Links to Other Congenital Heart Defects Resources
Many organizations are committed to understanding more about congenital heart defects and providing helpful resources for families and healthcare providers. Click the links below to find more information.
Adult Congenital Heart Associationexternal icon
The Adult Congenital Heart Association is a national organization providing education and support services for adults with congenital heart defects and their families. They are focused on the long-term needs of adults with congenital heart defects and providing education, outreach, and advocacy.
The American Academy of Pediatrics (AAP) is an organization of 60,000 pediatricians dedicated to the physical, mental, and social health of infants, children, adolescents and young adults. The AAP provides recommendations and clinical guidance regarding a number of topics in pediatric health care, including answering questions pediatricians may have about pulse oximetry screening for critical congenital heart defects.
American College of Cardiologyexternal icon
The American College of Cardiology (ACC), a nonprofit medical society, is dedicated to enhancing the lives of cardiovascular patients through continuous quality improvement, patient-centered care, payment innovation and professionalism. The ACC provides professional education and operates national registries for the measurement and improvement of quality care.
American Heart Associationexternal icon
The American Heart Association offers information about the effects of and risks for congenital heart defects, as well as symptoms and treatment for children with congenital heart defects. This website also offers information about specific types of congenital heart defects.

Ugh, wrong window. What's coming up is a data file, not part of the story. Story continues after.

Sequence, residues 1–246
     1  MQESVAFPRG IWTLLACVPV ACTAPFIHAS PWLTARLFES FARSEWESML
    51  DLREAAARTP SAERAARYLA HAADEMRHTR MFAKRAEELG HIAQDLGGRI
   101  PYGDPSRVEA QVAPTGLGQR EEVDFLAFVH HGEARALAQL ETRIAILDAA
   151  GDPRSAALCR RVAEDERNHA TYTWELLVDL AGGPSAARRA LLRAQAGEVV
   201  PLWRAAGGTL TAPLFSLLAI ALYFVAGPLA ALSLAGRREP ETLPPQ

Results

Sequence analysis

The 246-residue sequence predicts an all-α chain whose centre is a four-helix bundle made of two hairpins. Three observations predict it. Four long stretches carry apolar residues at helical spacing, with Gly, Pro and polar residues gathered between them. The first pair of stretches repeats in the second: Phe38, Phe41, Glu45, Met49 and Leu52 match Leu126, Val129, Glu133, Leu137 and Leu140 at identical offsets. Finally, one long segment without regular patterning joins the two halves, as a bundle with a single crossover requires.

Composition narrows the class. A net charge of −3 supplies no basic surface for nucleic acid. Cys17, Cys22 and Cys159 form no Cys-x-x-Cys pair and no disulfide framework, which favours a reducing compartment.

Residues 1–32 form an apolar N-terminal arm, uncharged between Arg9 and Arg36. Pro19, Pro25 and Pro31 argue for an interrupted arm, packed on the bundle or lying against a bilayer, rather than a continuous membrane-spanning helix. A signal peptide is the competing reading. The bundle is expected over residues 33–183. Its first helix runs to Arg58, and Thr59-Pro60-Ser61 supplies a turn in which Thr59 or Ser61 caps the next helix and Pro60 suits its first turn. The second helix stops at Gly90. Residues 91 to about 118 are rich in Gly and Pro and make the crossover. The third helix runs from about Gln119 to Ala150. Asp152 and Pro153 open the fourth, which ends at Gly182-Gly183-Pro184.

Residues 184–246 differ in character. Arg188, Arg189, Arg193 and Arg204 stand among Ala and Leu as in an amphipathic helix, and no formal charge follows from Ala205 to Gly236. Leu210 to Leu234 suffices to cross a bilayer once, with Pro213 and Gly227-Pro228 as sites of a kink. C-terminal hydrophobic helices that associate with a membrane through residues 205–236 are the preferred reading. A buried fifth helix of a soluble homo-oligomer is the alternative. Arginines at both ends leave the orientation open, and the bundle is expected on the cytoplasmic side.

Children’s Heart Foundationexternal icon
The Children’s Heart Foundation works toward understanding congenital heart defects by funding research to advance the diagnosis, treatment and prevention of congenital heart defects.
Congenital Heart Public Health Consortiumexternal icon
CDC provides technical assistance to the Congenital Heart Public Health Consortium, a unique collaboration that brings together families, experts, and organizations to address congenital heart defects through surveillance, research, education, health promotion, and policy development.
Conquering CHDexternal icon
Conquering CHD’s mission is to “Conquer Congenital Heart Disease.” They are accomplishing this through collaboration with patients, parents, providers, and partner organizations to improve quality and outcomes through CHD education, support, research, and awareness.
March of Dimesexternal icon
The March of Dimes is a national organization focused on helping babies to be born healthy. Their website offers a brief overview of congenital heart defects, provides descriptions for some specific defects, and directs readers to additional resources.
Mended Little Heartsexternal icon
Mended Little Hearts is part of the Mended Hearts organization and was established in 2004. They provide support to children with congenital heart defects and their families. Their website provides ways for families of “the littlest heart patients of all” to come together through support group meetings and visiting programs.
National Heart Lung and Blood Instituteexternal icon
The National Heart, Lung, and Blood Institute features an overview on congenital heart defects. It includes information on how the heart works, types of defects, causes, signs and symptoms, diagnosis, treatment, issues related to living with a congenital heart defect, and clinical trials.
National Birth Defects Prevention Networkexternal icon
CDC supports and collaborates with the NBDPN. The NBDPN is a group of over 225 individuals working at the national, state, and local levels, who are involved in tracking, researching, and preventing birth defects. The NBDPN serves as a forum for exchanging ideas about tracking and researching birth defects and for providing technical support for state and local programs. Established in 1997, the NBDPN assesses the effect of birth defects on children, families, and the healthcare system. The network also identifies risk factors for birth defects. This information can be used to develop strategies to prevent birth defects and to assist families and their providers in preventing other disabilities in children with birth defects.